In the second year of King Darius, in the seventh month, on the twenty-first day of the month, the word of the Lord came by the prophet Haggai, saying: Speak now to Zerubbabel son of Shealtiel, governor of Judah, and to Joshua son of Jehozadak, the high priest, and to the remnant of the people, and say, Who is left among you that saw this house in its former glory? How does it look to you now? Is it not in your sight as nothing? Yet now take courage, O Zerubbabel, says the Lord; take courage, O Joshua, son of Jehozadak, the high priest; take courage, all you people of the land, says the Lord; work, for I am with you, says the Lord of hosts, according to the promise that I made you when you came out of Egypt. My spirit abides among you; do not fear. For thus says the Lord of hosts: Once again, in a little while, I will shake the heavens and the earth and the sea and the dry land; and I will shake all the nations, so that the treasure of all nations shall come, and I will fill this house with splendour, says the Lord of hosts. The silver is mine, and the gold is mine, says the Lord of hosts. The latter splendour of this house shall be greater than the former, says the Lord of hosts; and in this place I will give prosperity, says the Lord of hosts.
According to the text, just a few weeks after starting to rebuild everyone is feeling demoralised. They ‘remember’ the golden-age spoken of by their predecessors, of a glorious temple; and sense either that the task is too great for them to complete, or that they are only able to build something inadequate in comparison.
Haggai speaks again, to offer encouragement. Don’t look back to the previous edifice: remember that God is with you. Remember how God brought your ancestors out of Egypt and the promises God made to them. Remember God’s faithfulness to those promises and remember that you are building God’s house. God will provide the resources needed, God’s Spirit will sustain you; and God will fill the new house with more splendour than the previous one.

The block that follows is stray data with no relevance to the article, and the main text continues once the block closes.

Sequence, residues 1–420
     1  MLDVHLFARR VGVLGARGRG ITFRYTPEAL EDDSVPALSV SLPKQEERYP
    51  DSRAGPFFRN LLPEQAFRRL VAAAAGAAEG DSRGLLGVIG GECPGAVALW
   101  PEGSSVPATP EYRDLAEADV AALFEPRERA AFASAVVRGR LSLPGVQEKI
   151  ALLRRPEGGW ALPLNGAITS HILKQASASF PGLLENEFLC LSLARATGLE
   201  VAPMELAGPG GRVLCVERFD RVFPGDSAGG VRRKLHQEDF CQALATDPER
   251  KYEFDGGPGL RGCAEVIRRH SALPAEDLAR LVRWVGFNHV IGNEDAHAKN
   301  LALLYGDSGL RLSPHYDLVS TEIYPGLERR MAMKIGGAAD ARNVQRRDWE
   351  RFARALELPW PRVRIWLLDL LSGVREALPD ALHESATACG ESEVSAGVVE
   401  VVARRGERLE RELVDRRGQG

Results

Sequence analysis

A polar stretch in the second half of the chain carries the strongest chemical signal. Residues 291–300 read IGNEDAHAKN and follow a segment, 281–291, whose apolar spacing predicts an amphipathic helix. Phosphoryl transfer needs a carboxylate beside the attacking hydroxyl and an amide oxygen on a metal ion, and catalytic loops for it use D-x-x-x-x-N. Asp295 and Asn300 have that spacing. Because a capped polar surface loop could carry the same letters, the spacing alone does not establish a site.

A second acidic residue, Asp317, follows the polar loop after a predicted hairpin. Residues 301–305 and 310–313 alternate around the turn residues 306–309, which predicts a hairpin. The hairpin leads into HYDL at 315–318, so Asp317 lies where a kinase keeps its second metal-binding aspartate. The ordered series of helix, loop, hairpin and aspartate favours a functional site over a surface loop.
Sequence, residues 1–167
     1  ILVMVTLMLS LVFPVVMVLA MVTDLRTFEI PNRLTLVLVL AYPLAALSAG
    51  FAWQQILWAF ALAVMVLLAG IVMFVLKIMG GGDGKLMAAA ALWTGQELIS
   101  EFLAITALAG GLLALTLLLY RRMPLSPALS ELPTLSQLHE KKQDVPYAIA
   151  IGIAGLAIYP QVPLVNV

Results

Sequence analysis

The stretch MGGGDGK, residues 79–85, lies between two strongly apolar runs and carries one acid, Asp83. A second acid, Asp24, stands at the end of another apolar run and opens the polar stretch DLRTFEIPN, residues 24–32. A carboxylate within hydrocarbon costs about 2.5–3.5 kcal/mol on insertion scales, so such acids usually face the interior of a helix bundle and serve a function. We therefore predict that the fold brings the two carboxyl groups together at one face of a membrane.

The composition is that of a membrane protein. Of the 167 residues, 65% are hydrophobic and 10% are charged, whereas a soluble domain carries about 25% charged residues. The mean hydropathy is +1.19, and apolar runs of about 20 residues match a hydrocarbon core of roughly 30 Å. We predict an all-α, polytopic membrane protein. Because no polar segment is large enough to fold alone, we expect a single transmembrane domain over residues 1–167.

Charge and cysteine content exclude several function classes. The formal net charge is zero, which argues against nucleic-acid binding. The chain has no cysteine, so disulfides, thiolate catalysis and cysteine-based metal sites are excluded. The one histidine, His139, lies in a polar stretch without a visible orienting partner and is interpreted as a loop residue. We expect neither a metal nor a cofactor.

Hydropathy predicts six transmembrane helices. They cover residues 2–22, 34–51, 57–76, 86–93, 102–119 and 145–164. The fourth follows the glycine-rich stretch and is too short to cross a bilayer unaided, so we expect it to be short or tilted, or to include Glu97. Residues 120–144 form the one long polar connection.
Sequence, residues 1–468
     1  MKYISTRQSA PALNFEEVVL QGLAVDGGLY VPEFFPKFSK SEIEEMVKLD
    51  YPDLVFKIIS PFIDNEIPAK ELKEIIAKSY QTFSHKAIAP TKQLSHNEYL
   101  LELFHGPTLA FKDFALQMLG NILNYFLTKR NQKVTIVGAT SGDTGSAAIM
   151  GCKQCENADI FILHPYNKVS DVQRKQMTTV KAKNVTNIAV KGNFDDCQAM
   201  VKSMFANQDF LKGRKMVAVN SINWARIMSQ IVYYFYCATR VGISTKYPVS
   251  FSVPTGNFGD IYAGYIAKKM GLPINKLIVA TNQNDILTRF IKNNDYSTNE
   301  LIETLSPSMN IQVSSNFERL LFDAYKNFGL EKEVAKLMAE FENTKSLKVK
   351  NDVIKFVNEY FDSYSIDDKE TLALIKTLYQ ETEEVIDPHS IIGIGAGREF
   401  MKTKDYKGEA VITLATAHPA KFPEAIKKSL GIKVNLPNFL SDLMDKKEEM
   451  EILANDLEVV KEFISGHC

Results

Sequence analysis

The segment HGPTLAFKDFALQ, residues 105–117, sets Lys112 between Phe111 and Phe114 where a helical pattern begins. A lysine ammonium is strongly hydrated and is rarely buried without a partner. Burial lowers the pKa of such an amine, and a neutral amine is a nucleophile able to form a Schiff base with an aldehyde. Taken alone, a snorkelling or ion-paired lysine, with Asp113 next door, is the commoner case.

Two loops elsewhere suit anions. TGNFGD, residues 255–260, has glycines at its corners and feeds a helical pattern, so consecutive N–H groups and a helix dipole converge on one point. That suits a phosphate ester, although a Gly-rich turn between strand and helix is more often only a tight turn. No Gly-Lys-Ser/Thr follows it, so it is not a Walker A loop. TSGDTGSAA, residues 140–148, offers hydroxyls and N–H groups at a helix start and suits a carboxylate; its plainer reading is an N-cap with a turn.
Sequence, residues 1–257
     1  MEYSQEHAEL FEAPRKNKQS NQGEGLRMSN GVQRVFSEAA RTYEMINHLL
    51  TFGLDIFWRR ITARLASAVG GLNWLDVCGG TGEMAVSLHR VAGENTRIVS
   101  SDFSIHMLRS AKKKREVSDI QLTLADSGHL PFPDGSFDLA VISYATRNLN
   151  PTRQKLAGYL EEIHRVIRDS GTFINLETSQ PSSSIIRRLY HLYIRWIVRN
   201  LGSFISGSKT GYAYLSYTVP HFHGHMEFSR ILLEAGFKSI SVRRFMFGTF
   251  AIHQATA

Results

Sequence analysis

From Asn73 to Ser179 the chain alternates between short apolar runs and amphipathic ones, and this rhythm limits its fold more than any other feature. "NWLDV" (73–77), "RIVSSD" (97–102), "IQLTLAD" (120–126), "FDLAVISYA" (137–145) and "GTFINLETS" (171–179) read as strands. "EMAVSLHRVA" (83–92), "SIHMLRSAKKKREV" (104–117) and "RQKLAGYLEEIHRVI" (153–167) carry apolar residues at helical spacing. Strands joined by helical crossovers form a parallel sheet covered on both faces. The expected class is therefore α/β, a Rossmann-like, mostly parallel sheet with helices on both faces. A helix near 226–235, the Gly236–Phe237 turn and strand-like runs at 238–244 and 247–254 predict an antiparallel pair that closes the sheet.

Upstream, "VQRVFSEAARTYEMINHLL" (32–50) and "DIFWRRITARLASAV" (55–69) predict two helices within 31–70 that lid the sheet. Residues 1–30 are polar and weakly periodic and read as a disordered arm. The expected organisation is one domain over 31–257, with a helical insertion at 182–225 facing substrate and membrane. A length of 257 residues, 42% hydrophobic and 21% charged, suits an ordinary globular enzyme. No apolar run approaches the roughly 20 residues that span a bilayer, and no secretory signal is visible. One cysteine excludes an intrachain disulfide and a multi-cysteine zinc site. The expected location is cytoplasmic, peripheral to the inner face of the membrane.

Splendour makes us think of something that looks fantastic, is highly ornate, costly to produce; but the Hebrew word could be translated ‘glory’ (as in verse 3). That would put a different connotation on the passage; reminding us that it is God’s presence that transforms the mundane into somewhere glorious. Likewise the word ‘prosperity’ in verse 9 might suggest that God was promising material riches; but the Hebrew word is shalom, which has a wider range of meanings – peace, welfare, wholeness.
The message is: be reassured, the work you are embarking upon will fulfil God’s purposes and the whole community will feel a sense of accomplishment and renewed harmony when it is completed.
We should never be discouraged by false memories of grandiose success stories of the past when we embark on any smaller scale project in church or community. If the project is of God, we need not fear. As we start working we’ll discover God’s Spirit alongside us, until all is completed and God’s purposes are achieved, in God’s time.
Eternal God, remind us of your living presence with us at every moment of our lives; and forgive us when we are so engrossed in tasks before us that we fail to discern you. Forgive us when we devalue the work you have given to us because it seems an insignificant contribution to your mission. Help us to trust your wisdom and to fulfil our calling in enthusiastic obedience. Amen.
The Rev’d Dr Janet Tollington is a retired minister living in Cambridgeshire; she is a member of Downing Place URC in Cambridge